If you see a spike in customers saying their cards were declined, but they don't know the reason, that could be a factor for excessive TC40 reports.
- Contact your processor
Reach out to your processor to see if they track TC40 volume. If they don’t, they may be able to contact the card networks on your behalf to determine if this impacts your business.
Is a TC40 report the Same as a Chargeback?
The answer is no. While TC40 reports originate from the data collected whenever a cardholder announces a fraudulent transaction on their account, a TC40 data claim is NOT the same as a chargeback.
While it’s true that TC40 reports have all the relevant documentation one requires for filling chargebacks, initiating the chargeback is an entirely different process.
A chargeback claim is primarily an attempt by the customer's card-issuing bank to reverse the transaction proceeds from a merchant. When a cardholder files a chargeback against a merchant, the merchant will receive a reason code that signifies the cause of the chargeback on their merchant statement.
However, TC40 only accounts for a cardholder's allegations of fraud against a merchant. Such documentation does not have refund requests from the issuing bank attached to it.
For instance, a TC40 report can be generated, and no chargeback filed. That's especially true in small dollar-value transactions because the cost of initiating the chargeback exceeds refunding the cardholder directly. In most cases, the financial institution will refund the customer directly and write off the loss.
However, the Issuer must still submit the TC40 data claim report. And the report adds to your cases, even if you know nothing about it, unlike in chargeback incidents where they notify you immediately for each chase.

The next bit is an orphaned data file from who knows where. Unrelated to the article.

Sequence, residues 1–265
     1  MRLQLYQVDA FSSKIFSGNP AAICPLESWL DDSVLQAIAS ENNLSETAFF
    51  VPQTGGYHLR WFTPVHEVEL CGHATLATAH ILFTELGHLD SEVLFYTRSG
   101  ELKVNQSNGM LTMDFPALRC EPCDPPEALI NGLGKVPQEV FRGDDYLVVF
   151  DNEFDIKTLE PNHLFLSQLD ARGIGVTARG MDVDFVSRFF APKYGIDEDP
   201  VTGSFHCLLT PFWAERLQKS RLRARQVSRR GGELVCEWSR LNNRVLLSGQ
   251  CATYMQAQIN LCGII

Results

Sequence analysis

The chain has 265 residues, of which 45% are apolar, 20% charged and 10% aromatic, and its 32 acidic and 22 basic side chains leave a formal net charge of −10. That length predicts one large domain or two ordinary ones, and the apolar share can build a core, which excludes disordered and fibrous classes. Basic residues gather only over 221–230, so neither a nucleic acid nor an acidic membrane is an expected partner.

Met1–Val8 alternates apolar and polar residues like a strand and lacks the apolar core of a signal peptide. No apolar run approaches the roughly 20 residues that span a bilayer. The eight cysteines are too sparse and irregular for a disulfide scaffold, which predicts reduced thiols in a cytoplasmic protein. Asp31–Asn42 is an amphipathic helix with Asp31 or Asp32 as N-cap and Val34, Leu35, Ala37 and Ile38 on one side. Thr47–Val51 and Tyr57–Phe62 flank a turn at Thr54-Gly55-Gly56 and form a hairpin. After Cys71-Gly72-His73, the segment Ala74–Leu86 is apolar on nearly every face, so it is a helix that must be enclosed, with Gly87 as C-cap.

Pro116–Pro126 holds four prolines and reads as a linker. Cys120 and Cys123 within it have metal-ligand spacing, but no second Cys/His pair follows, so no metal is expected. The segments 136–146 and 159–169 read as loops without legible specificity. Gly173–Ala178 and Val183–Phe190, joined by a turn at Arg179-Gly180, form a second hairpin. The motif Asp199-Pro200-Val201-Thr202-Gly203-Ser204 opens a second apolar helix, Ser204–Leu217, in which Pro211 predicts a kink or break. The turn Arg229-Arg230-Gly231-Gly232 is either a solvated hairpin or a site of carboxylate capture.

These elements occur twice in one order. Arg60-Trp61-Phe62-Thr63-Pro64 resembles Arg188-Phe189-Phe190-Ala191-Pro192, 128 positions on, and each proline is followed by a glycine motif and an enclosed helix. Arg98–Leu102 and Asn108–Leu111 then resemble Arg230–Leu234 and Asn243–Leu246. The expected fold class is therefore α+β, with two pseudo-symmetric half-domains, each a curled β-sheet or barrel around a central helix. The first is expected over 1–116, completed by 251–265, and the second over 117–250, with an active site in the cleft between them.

How to Use TC40 Reports to Prevent Chargebacks
Although the chances of success are limited due to the constraints noted earlier, you can still use TC40 reports in mitigating fraudulent transaction chargebacks.
- Research each claim thoroughly, matching it up with the account information in the merchant database.
- Mark these transactions as fraudulent so they can be flagged for manual review.
- You could refund the buyer to avoid a chargeback if genuine fraud occurred.
The faster you refund and mark these transactions as fraudulent in your system, the quicker your business can prevent similar fraud from occurring.
Sadly you may end up refunding transactions that will not result in a chargeback. You may also have a situation where you issue a double refund, as TC40 reports do not prevent chargebacks from happening. If you used the TC40 report as an indicator to refund the transaction proactively, the chargeback might still happen anyway.
Hence, relying solely on TC40 as an indicator of chargeback and fraud patterns is not ideal. You need a tool that provides accurate pre-sale fraud patterns and reliable chargeback representment with guaranteed value for money.
That’s what Chargeflow gives you, a completely automated chargeback solution for preventing fraud and recovering disputes without lifting a finger. You can reduce your rising chargeback rates and secure your business while maintaining excellent relationships with all relevant stakeholders.